Really stale, to the point where I spent most of my time listening to albums I knew I liked by bands I’d known for a long time. In 2012, I probably wrote 100 times more stories about music discovery apps and services than I actually listened to new music by new artists.
That’s changed in 2013, and while I’m far from the mainstream consumer that streaming music services like Spotify are gunning for as they grow their businesses, the changes I’ve made this year still seem to illustrate the emerging opportunities for these companies.
In short, it’s all about playlists. Other people who are much more clued-in than me’s playlists, to be specific.
At the start of January I spent an hour finding and subscribing to Spotify playlists that would reliably throw up new music on a regular basis. They include:
– Best of Indie, which is Domino Records’ playlist of new music from its own artists and those on other labels
– A BBC 6 Music Playlist, er, playlist – a list updated every week of the actual playlist for the British radio station. Also the Radio 1 Weekly Playlist playlist, which does the same thing for that station
– ShareMyPlaylists’ New Releases UK playlist, to mop up other new stuff that comes out
I’m also using a smattering of Spotify apps: ShareMyPlaylists, We Are Hunted – which provides a simple way to turn its current Emerging Chart into a playlist – and (from today) Shuffler.fm, which is pulling in buzzy blog tracks.
All of these sources throw up new tracks throughout the week, which I’m chucking into my private Stuff to Listen To playlist in the Spotify app. Every morning, I stick that playlist on and star the tracks I like.
I’ve been doing this since the start of the month, and there are already 59 tracks in my Starred playlist – with the majority being from artists I’ve never heard of (Junip, Matthew E. White, Wave Machines, Deap Vally, Digits, Bleeding Rainbow, Godblesscomputers, Alex Winston…).
The stuff I really love goes into a (yes, dodgily-titled) Curating the Curators playlist. And both of these playlists are set to cache offline on my smartphone, so I can properly immerse myself in them when wandering around the real world.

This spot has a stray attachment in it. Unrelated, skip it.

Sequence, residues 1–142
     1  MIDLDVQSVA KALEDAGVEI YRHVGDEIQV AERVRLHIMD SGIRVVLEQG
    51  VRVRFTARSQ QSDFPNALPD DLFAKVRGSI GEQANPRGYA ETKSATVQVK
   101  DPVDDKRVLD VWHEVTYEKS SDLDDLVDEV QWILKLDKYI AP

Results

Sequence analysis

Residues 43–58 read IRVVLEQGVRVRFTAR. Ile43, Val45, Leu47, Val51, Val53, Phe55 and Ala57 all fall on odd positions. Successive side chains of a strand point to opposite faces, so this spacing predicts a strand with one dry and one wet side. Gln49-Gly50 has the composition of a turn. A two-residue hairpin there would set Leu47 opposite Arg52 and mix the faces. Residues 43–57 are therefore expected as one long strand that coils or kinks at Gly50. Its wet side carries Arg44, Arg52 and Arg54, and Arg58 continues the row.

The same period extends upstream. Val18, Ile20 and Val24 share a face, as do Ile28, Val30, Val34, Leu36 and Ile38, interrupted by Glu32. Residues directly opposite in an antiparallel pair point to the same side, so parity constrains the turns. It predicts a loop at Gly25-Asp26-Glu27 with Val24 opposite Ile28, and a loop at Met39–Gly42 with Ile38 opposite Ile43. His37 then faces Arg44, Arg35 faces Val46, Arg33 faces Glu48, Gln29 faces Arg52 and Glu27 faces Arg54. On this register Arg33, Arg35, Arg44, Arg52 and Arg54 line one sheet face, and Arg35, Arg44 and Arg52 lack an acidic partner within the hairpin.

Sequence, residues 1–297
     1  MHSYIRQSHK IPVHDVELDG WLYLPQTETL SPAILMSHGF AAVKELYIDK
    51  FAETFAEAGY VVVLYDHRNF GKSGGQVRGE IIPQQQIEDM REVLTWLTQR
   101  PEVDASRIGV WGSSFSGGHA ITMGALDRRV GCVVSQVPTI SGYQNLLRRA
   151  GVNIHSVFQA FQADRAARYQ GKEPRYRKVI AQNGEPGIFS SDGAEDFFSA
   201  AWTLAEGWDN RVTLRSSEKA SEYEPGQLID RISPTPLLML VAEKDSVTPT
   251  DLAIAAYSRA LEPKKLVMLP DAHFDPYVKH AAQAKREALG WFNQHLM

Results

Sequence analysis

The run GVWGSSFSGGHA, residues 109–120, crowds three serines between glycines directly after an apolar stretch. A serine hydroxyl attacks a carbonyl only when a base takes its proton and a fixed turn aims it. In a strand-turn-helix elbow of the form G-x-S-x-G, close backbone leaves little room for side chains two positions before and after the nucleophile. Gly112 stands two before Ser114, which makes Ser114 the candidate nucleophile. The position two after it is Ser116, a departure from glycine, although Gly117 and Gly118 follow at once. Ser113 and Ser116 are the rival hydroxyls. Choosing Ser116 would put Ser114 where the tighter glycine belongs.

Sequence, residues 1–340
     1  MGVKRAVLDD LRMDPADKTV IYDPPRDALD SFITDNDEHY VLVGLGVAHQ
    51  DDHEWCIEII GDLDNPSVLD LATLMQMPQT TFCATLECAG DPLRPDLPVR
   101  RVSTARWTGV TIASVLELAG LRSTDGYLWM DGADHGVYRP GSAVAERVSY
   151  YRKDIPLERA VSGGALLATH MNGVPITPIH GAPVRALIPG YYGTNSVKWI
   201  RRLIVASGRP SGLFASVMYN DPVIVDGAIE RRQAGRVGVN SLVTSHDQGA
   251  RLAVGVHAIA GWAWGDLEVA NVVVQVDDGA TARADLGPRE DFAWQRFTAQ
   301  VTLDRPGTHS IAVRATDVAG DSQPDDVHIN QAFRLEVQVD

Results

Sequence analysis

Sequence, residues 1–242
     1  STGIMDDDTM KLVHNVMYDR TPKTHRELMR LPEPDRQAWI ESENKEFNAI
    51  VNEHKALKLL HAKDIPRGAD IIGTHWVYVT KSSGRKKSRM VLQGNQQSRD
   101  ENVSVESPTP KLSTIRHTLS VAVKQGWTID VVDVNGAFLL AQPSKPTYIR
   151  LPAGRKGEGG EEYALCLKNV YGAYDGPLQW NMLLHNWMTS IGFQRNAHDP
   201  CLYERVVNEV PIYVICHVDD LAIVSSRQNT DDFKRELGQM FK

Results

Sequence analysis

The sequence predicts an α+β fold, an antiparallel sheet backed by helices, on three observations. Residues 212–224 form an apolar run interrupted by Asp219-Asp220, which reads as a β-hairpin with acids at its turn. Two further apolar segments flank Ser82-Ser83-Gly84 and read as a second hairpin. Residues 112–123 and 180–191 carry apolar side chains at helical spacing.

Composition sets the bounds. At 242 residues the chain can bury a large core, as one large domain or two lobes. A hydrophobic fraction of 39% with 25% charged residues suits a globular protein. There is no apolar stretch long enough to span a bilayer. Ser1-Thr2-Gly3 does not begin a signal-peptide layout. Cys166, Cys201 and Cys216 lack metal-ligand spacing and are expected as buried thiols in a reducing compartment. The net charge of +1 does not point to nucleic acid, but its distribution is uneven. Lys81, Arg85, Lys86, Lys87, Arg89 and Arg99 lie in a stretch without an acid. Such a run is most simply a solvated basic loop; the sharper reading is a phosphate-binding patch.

It’s genuinely thrilling: I’m excited about discovering music, just like I was in the days when I read NME and Melody Maker cover to cover on their day of publication and home-taped the Evening Session on Radio 1.
Oh, and I’m using the Songkick Concerts app to find out when some of these new artists are playing live in the coming weeks and months, so there could be a similarly giddy impact on my gigging life (similarly in need of reinvigoration given my big nights out last year were Blur, Primal Scream and Tim Burgess. Which was marvellous, but…)
As I said at the start, I’m a lapsed music geek of a certain age, so I’m not suggesting I’m the normal use-case for streaming music discovery. And as you can see from reading this post, the process is still quite… manual. It’s not just pressing a button and having music I might like played at me.
It does show the potential of these digital music services though: and it also shows the challenge for Deezer, Rhapsody, Daisy… all the other companies jockeying for consumers’ hearts, minds and subscriptions who are looking to build their own playlist and apps ecosystems.
I’ve been using Spotify because it’s the streaming service I pay to use, but another change I’m making for 2012 is to spend serious time every week using all these services, to get a real sense of how they compare.
What seems clear for me is that Spotify’s playlists and apps are really working as a discovery mechanism, albeit with a certain amount of extra work on my part. I’m hoping to see the other streaming services match this and roll in their own innovations, to keep pushing things forward.
In the meantime, here’s that Curating the Curators playlist, pumped through the Toma.hk website to match tracks on Spotify’s rivals where possible (an interesting exercise in itself), so you can hear the results so far: